26. Sanielevici, circular letter, 7 February 1966, LAB/222‑1, Part II, IAEA Archives; Sanielevici to Lescrenier, 17 November 1966, LAB/222‑1, Part II, IAEA Archives.

  27. Holt to Nagl, 15 February 1967, LAB/222‑1, Part II, IAEA Archives.

  28. J. F. Diehl to Sanielevici, 16 February 1967, LAB/222‑1, Part II, IAEA Archives. See also for example Hideo Matsuzawa, National Institute of Radiological Sciences, Japan to Sanielevici, 17 February 1967, LAB/222‑1, Part II, IAEA Archives; J. Becker, University Radiation Clinic, University of Heidelberg to Nagl, 24 February 1967, LAB/222‑1, Part II, IAEA Archives; Melvin Griem, Chicago Tumor Institute, University of Chicago to Sanielevici, 25 February 1967, LAB/222‑1, Part II, IAEA Archives.

  29. Ulla-Brita Nordberg to Sanielevici, 24 June 1965, LAB /222‑I, IAEA Archives.

  30. Nagl to Laughlin, 2 February 1965, LAB/222‑I

  31. Holt to Nagl, 26 January 1966, LAB/222‑1, Part I, IAEA Archives. See also references to these issues in Holt to Sanielevici, 9 February 1966, LAB/222‑I, IAEA Archives.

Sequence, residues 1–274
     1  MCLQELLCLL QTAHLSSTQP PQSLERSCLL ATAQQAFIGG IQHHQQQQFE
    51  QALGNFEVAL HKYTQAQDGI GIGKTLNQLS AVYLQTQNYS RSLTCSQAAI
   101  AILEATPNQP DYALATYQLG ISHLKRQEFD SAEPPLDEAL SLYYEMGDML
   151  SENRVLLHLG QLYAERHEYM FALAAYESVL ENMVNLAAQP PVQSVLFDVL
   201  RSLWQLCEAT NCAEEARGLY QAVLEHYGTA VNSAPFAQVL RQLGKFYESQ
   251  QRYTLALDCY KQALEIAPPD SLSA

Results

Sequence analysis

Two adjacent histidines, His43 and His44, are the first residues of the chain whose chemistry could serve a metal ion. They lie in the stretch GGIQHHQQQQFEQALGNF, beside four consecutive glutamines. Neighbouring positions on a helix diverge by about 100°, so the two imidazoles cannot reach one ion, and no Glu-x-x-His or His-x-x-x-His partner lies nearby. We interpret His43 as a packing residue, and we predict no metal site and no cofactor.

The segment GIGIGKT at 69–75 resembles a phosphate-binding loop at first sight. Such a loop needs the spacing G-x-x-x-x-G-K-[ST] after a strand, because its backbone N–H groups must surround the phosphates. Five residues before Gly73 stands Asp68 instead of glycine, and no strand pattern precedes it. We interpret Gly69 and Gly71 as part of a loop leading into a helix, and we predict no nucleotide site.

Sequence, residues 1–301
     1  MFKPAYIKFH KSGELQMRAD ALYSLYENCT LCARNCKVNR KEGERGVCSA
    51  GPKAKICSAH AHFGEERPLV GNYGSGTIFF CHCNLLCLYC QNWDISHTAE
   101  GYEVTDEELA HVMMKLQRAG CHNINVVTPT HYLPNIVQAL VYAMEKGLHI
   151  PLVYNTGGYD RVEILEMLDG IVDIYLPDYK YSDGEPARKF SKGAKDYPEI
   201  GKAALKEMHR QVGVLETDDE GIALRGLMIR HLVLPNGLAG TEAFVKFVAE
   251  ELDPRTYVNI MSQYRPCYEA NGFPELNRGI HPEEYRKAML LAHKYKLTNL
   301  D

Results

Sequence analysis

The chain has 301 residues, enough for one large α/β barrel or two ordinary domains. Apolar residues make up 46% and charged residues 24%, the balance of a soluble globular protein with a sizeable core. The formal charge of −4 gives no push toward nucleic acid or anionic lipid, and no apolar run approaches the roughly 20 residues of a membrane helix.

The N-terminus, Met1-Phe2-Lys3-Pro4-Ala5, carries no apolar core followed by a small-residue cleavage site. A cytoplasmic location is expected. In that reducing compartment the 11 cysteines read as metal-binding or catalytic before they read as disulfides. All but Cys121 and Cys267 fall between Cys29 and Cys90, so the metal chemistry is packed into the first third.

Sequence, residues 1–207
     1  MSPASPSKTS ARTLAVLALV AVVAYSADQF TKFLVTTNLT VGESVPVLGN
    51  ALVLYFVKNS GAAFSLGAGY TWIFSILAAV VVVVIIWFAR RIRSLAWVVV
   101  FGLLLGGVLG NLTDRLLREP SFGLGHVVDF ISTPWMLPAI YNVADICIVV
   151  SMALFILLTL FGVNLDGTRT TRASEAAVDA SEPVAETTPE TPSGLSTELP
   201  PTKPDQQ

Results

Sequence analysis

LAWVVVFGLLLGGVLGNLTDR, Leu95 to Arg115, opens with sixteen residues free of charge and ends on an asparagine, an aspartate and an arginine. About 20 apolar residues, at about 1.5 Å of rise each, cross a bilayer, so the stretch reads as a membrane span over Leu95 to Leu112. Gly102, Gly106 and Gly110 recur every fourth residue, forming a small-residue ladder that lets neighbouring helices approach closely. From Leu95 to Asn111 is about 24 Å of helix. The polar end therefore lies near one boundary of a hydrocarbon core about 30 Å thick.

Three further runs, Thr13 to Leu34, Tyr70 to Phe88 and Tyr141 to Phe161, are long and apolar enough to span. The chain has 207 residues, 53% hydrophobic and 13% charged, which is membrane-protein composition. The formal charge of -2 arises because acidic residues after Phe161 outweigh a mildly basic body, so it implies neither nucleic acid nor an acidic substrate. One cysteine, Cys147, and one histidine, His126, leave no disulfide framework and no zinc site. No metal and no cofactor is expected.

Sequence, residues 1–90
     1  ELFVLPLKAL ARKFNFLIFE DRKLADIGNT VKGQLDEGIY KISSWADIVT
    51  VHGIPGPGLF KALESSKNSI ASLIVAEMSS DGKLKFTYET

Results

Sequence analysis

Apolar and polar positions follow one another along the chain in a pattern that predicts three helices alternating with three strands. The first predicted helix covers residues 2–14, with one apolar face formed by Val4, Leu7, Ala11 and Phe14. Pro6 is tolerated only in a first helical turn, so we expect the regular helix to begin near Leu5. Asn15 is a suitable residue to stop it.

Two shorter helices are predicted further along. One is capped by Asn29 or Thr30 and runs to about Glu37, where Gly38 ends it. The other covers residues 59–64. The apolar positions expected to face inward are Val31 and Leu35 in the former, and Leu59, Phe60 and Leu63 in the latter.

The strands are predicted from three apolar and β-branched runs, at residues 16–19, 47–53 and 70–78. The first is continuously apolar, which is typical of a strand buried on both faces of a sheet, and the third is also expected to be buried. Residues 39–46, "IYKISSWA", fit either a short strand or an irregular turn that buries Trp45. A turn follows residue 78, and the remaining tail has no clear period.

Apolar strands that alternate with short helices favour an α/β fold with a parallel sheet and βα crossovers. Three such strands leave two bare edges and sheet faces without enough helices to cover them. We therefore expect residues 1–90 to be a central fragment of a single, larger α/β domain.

32. Nagl to Holt, 15 February 1966, LAB/222‑1, Part I, IAEA Archives.

  33. Karl Johan Vikterlöf to Sanielevici, 17 February 1967, LAB/222‑1, Part II, IAEA Archives.

  34. See for example Alan Jennings, Division of Radiation Science, National Physical Laboratory, Middlesex to Sanielevici, 20 February 1967, LAB/222‑1, Part II, IAEA Archives.

  35. L. D. Jefferson, Materials Handling Department, National Argonne Laboratory, to Sanielevici, 17 April 1967, LAB/222‑1, Part II, IAEA Archives; Sanielevici to L. M. Griem, University of Chicago, 18 May 1967; Sanielevici to Lescrenier, 18 May 1967, LAB/222‑1, Part II, IAEA Archives.